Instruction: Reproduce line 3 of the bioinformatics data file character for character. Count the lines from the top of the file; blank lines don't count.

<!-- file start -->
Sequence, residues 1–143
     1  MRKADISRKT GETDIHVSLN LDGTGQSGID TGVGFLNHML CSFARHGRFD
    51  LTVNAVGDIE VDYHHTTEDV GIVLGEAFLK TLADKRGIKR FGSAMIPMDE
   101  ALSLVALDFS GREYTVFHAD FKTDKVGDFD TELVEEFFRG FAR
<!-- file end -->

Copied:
    51  LTVNAVGDIE VDYHHTTEDV GIVLGEAFLK TLADKRGIKR FGSAMIPMDE